Aloe ~ Aloe Vera ~ Aloe barbadensis Plant Care Guide
Aloe /ˈæloʊ/, also Aloë, is a genus containing over 500 species of flowering succulent plants. The most widely known species is Aloe vera, or “true aloe”, so called because, though probably extinct in the wild, it is cultivated as the standard source of so-called “aloe vera” for assorted pharmaceutical purposes. Other species, such as Aloe ferox, also are cultivated or harvested from the wild for similar applications.
The genus is native to Africa; species are found in southern Africa, the mountains of tropical Africa, various islands off the coast of Africa including Sardinia, Madagascar, and the Arabian Peninsula.
The APG III system (2009) places the genus in the family Xanthorrhoeaceae, subfamily Asphodeloideae. In the past, it has also been assigned to families Aloaceae and Liliaceae or lily family. The plant Agave americana, which is sometimes called “American aloe”, belongs to the Asparagaceae, a different family.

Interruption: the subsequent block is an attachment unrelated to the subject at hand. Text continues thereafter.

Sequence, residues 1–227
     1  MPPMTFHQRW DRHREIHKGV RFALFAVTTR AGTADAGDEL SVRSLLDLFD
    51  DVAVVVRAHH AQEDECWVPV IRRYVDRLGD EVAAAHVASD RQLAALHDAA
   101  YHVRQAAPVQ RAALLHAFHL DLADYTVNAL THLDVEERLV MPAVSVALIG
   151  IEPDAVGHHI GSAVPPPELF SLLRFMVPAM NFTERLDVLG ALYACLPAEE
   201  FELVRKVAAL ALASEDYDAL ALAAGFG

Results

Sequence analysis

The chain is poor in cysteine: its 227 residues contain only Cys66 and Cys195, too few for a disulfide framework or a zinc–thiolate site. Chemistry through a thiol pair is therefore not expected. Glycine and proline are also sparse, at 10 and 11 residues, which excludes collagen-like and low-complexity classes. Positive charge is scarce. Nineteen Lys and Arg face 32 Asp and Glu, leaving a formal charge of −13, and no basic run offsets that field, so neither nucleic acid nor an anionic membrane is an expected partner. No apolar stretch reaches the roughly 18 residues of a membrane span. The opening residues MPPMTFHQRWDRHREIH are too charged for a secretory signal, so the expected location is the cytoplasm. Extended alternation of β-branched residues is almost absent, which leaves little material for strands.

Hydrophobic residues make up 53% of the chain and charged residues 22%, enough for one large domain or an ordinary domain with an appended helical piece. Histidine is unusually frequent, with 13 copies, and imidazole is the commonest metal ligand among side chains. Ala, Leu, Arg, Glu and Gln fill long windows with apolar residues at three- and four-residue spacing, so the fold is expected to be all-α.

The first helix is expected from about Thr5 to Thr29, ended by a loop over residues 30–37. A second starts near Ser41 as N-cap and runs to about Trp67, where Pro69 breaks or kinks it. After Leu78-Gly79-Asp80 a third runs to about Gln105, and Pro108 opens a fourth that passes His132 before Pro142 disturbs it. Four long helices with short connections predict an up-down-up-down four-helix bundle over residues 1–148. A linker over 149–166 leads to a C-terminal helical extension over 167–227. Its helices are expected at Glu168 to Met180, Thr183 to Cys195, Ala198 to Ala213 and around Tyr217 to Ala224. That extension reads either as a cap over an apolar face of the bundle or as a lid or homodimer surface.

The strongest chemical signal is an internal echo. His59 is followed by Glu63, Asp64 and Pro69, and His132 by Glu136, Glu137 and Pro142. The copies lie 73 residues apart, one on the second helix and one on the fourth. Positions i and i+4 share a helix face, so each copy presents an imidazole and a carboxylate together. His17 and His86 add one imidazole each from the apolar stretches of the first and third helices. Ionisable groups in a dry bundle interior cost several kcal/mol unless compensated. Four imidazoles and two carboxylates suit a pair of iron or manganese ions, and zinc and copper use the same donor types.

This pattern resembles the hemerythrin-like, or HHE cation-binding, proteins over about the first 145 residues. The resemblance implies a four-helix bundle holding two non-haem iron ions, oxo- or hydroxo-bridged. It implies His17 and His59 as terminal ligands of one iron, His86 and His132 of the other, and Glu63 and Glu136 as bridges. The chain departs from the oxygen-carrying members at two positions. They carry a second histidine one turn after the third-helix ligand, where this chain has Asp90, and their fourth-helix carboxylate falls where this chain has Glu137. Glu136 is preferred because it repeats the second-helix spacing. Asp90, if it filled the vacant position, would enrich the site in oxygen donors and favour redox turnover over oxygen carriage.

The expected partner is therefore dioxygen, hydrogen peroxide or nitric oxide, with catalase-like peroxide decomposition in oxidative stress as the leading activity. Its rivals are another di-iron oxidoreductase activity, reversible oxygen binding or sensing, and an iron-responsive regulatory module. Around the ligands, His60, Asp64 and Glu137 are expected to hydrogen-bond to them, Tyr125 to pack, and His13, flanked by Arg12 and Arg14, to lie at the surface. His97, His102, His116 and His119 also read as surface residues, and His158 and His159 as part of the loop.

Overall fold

The genus is native to tropical and southern Africa, Madagascar, and Jordan to the Arabian Peninsula.
Aloe vera is a succulent plant species that is found only in cultivation, having no naturally occurring populations, although closely related aloes do occur in northern Africa. The species is frequently cited as being used in herbal medicine since the beginning of the first century AD. Extracts from A. vera are widely used in the cosmetics and alternative medicine industries, being marketed as variously having rejuvenating, healing, or soothing properties. There is, however, little scientific evidence of the effectiveness or safety of Aloe vera extracts for either cosmetic or medicinal purposes, and what positive evidence is available is frequently contradicted by other studies.
Growing an Aloe Vera (or most other Aloe species; there are more than 300 of them) is not a difficult matter, if a few basic rules are followed:
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